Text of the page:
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R: ARCHIVE, S: MOVIES, D: 04/27/2000,

Where the Heart Is

Like Blanche du Bois, Novalee Nation (Natalie Portman in her most complex role to date) depends on the kindness of strangers. After being ditched at a Wal-Mart by her trailer-trash boyfriend, the literally barefoot and pregnant 17-year-old lives in the superstore until she gives birth to a girl she names Americus. A small-town librarian takes her to the hospital, the nurse befriends her, and a woman who mistakes Novalee for someone else welcomes her and the baby into her home.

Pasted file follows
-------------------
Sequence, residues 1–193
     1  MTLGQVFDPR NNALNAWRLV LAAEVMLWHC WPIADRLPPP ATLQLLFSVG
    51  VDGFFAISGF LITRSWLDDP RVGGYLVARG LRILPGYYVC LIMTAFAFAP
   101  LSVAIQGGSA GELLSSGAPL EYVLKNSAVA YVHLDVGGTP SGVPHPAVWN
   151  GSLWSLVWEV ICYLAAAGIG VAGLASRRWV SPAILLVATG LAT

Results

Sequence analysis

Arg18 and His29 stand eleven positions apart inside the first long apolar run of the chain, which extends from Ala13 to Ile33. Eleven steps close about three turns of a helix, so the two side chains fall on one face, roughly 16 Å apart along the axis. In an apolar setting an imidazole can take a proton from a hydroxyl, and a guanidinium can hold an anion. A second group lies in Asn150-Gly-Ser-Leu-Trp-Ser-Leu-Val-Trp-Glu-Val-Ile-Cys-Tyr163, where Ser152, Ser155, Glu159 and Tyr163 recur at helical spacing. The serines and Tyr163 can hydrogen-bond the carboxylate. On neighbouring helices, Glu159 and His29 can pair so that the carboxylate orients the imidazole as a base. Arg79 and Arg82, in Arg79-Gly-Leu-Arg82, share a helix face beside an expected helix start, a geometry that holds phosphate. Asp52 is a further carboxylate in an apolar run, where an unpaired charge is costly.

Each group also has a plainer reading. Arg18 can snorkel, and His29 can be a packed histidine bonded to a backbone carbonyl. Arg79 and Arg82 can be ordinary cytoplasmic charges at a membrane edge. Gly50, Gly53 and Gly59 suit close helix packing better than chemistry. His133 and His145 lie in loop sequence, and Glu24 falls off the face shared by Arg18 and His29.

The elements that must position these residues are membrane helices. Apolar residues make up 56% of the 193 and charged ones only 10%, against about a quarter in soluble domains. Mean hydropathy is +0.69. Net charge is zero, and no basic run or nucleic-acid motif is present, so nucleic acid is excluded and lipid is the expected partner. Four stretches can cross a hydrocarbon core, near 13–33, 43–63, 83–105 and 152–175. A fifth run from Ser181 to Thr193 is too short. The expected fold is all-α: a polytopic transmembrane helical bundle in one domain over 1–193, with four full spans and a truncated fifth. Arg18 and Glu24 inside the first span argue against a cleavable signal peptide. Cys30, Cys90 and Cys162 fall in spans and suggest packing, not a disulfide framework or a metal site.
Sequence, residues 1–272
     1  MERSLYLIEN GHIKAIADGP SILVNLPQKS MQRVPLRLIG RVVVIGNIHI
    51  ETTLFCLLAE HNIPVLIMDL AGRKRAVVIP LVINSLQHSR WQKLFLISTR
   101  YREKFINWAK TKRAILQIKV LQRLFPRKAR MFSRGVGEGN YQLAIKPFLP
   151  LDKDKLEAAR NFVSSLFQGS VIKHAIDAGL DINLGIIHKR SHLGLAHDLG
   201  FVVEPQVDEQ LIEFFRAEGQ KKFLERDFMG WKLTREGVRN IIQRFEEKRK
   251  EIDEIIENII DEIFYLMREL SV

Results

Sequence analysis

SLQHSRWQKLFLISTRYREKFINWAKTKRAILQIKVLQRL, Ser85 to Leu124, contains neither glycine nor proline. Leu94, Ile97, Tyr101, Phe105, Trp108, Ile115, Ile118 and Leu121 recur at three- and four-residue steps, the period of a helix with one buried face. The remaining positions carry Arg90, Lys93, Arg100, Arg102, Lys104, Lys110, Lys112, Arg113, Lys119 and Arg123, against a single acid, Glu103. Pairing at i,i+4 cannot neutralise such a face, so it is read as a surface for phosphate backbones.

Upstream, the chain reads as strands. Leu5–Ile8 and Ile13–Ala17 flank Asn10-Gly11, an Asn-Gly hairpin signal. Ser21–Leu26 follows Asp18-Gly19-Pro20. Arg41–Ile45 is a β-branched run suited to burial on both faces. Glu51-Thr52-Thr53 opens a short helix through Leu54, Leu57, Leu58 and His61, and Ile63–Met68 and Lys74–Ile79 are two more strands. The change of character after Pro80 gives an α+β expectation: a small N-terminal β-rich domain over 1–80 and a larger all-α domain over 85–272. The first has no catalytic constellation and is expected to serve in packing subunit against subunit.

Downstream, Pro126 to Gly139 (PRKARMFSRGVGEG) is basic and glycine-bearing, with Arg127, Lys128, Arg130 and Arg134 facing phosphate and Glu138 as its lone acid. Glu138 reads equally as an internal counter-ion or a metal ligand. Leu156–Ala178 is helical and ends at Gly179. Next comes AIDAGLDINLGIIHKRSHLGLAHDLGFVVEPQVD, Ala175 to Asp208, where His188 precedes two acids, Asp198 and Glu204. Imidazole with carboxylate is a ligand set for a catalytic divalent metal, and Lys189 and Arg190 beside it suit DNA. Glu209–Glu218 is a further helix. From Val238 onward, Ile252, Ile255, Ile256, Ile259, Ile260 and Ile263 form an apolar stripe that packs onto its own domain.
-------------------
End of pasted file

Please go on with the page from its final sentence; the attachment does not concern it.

Based too strictly on the novel by Billie Letts, Where the Heart Is can't seem to find a rhythm. So many characters wander in and out of the story (the estranged mother, the repentant boyfriend, etc.) that none of them -- with the exception of Ashley Judd's devilishly funny mother of five (with another always on the way) -- has the chance to develop. I never understood why the well-read, college-educated librarian falls for the practically illiterate Novalee, or why her conscience-free boyfriend suddenly decides to hunt her down to apologize. Even baby Americus becomes just another prop. For a movie that claims to know where the heart is, Matt Williams's debut still needs to find the soul.

-- Jumana Farouky